This, of course, led me to some Google searching on cellulite. It’s described this way on mayoclinic.org: “It involves fibrous connective cords that tether the skin to the underlying muscle, with the fat lying between. As fat cells accumulate, they push up against the skin, while the long, tough cords pull down. This creates an uneven surface or dimpling.”
According to the website, cellulite is more common among women, though men can have it too. Hormonal factors, aging, genetics, weight, and muscle tone may all contribute to cellulite, and “even very fit people can have it.”
Okay, so it is normal for most women and even for athletes. So why does it still make me feel bad? I think it’s because it’s associated with fat, and fat has always been treated as a bad word in our society, even though it is just as necessary as muscle.
Stacy T. Sims, PhD (an athlete and scientist) and Selene Yeager (an athlete, coach, and personal trainer) co-wrote the book Roar: How to Match Your Food and Fitness to Your Unique Female Physiology For Optimum Performance, Great Health, and a Strong, Lean Body for Life. In it, they write that fat is not the enemy: “ . . . you can’t train, race, or even live without it.” This fat helps us with bodily functions, “from forming reproductive tissue to aiding the absorption of vitamins consumed in different foods.”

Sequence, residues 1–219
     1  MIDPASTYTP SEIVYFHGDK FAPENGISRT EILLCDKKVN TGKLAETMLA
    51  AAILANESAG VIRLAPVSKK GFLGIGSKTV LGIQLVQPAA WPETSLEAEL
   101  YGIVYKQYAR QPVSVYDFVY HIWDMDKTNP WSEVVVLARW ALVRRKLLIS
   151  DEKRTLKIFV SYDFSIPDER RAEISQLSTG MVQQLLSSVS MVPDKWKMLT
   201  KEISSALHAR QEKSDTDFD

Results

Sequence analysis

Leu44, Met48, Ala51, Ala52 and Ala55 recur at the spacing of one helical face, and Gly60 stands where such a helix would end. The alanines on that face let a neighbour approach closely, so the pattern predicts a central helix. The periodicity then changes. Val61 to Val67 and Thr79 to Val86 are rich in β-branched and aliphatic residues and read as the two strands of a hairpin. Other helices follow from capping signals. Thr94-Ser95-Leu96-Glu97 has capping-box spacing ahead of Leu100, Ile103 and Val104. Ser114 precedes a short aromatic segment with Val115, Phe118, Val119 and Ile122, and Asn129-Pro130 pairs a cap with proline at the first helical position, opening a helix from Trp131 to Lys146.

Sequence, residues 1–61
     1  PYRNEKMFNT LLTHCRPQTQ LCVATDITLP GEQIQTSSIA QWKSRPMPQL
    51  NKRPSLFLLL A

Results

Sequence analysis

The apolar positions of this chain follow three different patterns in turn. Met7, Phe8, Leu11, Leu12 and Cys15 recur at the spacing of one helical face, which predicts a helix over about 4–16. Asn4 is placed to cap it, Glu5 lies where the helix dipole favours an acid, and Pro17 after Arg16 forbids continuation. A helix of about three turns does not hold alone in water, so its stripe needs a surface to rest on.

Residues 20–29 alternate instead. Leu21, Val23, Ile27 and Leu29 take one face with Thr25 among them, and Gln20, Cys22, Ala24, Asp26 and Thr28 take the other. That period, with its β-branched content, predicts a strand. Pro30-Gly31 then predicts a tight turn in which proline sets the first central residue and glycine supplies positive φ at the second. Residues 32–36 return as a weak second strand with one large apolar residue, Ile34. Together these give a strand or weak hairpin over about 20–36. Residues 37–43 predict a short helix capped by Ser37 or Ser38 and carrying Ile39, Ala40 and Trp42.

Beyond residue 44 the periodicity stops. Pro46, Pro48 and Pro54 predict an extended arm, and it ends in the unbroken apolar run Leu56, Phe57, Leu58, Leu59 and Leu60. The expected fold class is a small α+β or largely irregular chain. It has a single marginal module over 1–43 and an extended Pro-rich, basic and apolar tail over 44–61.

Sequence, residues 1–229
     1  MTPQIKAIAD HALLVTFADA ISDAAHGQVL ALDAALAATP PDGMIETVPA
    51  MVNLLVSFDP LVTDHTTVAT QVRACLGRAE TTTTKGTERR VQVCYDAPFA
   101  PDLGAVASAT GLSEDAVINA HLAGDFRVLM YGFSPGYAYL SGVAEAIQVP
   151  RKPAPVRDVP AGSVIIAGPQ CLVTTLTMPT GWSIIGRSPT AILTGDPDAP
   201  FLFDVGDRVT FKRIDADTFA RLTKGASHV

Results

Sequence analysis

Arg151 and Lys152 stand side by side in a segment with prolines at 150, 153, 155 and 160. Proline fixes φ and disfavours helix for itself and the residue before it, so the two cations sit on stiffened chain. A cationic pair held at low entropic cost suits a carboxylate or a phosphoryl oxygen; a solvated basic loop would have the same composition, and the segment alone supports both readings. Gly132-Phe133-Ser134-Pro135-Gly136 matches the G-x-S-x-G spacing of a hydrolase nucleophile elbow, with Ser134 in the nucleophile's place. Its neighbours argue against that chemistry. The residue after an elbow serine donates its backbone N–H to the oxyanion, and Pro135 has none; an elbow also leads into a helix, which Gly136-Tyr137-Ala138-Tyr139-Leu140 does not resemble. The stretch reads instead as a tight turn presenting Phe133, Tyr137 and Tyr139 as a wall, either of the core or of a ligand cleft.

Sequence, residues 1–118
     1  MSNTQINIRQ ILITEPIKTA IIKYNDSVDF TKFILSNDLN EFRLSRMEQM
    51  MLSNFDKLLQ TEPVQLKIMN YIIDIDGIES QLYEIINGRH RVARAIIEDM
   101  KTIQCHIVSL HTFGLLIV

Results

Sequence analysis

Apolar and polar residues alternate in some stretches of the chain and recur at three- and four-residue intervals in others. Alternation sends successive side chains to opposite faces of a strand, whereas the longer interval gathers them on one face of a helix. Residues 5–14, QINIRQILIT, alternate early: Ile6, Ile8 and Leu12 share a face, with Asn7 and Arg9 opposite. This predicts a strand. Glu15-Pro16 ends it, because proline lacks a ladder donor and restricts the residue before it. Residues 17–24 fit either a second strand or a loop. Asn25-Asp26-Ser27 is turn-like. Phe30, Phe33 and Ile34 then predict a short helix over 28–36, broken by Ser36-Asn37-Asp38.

And women do have more fat than men: “The body-fat ranges for optimal health are 14 percent to 30 percent for women and 6 percent to 25 percent for men.”
Fat and cellulite might not be our favorite attributes, but they are part of us and they are not going anywhere. It is easier said than done, but learning to celebrate (or at least tolerate) our cellulite is critical. My negative self-talk in the mirror and hesitation to wear short running shorts are fortunately as far as my hatred of my own cellulite has driven me. But I fear that it could also lead to more serious issues for some women, such as eating disorders or unhealthy dieting and under-fueled running as women try to achieve that defined, sinewy-legs-look that men seem to sport so easily.
So how do we learn to love our dimpled legs?
I think the first step is talking about it and normalizing cellulite (hence this article).
Maybe the next step is allowing negative self-talk to seep in (because it inevitably will), but always countering it with reminders of how strong our legs truly are and remembering all they’ve enabled us to do.
Maybe it takes a commitment to short shorts if that’s what we like to wear, and refraining from flinching at the race day pic of us that shows cellulite on our legs.
Maybe we could even take to social media (GASP) and flaunt those less-than-perfect but all so real pics of us, dimpled legs and all (#loveyourlegs).
Because, yeah, having a fit or toned body is a nice bonus of running. But at the end of the day, we take to the trails for far more important reasons than that. We run to get outside, to become stronger, to invest and believe in ourselves, to push our boundaries, and to adventure in new, beautiful places. Running is an act of self-love, because we know it makes us happy. And part of self-love is loving those legs, exactly as they are, dimples and all.
Feature Photo: Enrique Romero